To help ease the pain, I've decided to highlight "My Favorite 15...Non-Fiction Titles" for this project. (Note: this is for 9th grade, and because of the nature of the assignment some of my all-time favorite titles do not work).  In no particular order:



(1) Devoted by Dick Hoyt: The story of the father/son duo that compete in marathons and triathlons. You've seen them on ESPN, YouTube, etc. Powerful, moving, amazing...if you don't cry at the end, I'm worried about you.

(2) Iron Heart by Brian Boyle: A high school graduate and athlete nearly killed in a car accident who fought his way back to life and the Ironman.

(3) Diving into Darkness by Phillip Finch: I can't say anything better than the blurb on the book.  On January 8th, 2005 two men went diving into a hole with the goal of reaching 900 feet.  "Twenty five minutes later, one of the men was dead.  The other was in mortal peril."

(4) Where Men Win Glory by Jon Krakauer: Always a fan of Krakauer, I have read all of his books.  This is the story of Pat Tillman, the NFL football star who left the game to serve his country.  Honor and love of country at it's most basic.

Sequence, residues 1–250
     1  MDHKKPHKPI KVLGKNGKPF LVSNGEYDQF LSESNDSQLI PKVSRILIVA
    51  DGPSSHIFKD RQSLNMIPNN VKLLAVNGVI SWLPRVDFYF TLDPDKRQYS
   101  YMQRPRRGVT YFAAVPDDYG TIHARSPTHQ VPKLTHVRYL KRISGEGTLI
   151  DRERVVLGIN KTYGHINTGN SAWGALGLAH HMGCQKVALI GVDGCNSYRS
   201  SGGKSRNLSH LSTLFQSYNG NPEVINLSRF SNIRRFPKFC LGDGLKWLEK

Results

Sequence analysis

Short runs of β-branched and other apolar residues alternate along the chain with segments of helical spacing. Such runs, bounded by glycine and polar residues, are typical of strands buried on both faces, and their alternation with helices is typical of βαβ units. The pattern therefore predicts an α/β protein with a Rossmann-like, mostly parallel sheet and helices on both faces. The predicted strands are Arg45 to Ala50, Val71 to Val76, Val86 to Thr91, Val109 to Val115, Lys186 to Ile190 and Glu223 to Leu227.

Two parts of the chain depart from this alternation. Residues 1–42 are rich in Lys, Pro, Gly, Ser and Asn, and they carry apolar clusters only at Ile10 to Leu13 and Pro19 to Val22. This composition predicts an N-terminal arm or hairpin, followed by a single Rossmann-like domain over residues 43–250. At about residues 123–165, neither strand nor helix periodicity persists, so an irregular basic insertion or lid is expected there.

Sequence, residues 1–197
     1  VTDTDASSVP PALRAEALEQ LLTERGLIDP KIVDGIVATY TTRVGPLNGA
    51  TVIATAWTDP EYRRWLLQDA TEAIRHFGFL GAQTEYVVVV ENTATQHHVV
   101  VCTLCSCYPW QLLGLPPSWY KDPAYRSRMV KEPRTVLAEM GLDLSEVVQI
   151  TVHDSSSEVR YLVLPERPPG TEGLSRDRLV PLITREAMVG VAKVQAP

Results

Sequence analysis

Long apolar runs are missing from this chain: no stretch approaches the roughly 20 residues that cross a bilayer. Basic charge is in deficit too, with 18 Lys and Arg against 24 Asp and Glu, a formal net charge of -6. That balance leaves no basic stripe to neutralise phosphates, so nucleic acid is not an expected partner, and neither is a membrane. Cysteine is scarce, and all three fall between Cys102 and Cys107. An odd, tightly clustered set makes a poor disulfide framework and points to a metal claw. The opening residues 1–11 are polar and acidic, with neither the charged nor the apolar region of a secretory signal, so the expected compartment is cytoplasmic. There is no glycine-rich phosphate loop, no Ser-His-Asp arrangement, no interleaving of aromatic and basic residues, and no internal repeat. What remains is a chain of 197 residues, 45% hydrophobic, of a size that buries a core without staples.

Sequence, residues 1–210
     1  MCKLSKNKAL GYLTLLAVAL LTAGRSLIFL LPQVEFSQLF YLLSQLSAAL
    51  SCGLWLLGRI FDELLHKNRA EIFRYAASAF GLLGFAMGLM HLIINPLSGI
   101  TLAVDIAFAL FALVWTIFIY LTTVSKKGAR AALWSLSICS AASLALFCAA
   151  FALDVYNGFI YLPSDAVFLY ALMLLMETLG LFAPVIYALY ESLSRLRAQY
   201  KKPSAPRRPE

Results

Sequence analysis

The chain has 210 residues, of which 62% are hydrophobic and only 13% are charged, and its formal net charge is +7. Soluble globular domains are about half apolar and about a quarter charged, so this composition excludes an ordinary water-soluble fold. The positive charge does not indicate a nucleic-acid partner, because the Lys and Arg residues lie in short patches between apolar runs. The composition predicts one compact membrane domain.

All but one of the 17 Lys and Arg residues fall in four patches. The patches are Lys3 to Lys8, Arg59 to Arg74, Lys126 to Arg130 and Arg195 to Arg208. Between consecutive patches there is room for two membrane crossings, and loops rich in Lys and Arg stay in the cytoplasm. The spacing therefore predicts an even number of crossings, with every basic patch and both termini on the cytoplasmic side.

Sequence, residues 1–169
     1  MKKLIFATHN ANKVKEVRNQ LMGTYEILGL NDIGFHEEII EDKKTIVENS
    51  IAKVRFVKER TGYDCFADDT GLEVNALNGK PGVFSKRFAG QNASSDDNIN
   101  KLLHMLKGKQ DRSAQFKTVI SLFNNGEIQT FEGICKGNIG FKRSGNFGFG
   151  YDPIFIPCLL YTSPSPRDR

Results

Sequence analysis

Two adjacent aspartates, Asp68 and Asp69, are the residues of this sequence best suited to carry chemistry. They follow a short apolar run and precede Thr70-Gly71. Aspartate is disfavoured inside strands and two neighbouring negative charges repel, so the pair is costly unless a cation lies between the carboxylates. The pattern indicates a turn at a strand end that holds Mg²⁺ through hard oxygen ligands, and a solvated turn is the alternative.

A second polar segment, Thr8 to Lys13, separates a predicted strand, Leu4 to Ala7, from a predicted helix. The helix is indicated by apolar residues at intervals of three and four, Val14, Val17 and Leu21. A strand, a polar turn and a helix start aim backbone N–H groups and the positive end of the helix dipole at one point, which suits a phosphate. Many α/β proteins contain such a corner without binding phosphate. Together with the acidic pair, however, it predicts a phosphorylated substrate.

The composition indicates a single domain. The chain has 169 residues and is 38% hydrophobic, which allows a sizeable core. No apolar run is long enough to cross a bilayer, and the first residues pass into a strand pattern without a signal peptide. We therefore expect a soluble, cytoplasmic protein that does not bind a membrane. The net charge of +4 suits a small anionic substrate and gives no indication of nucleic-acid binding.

(5) Miracle in the Andes by Nando Parrado: Amazing story of the rugby team that crashed in the Andes in 1972, as told by one of the survivors.  Couldn't put it down!  In my "Top 5" favorite books of all-time!

(6) A Long Way Gone by Ishmael Beah: Another powerful survival story as told by the young man who lived it.  Also brings light to the tragedy of child soldiers all over the world.  Probably in my "Top 5" favorite books of all-time, too!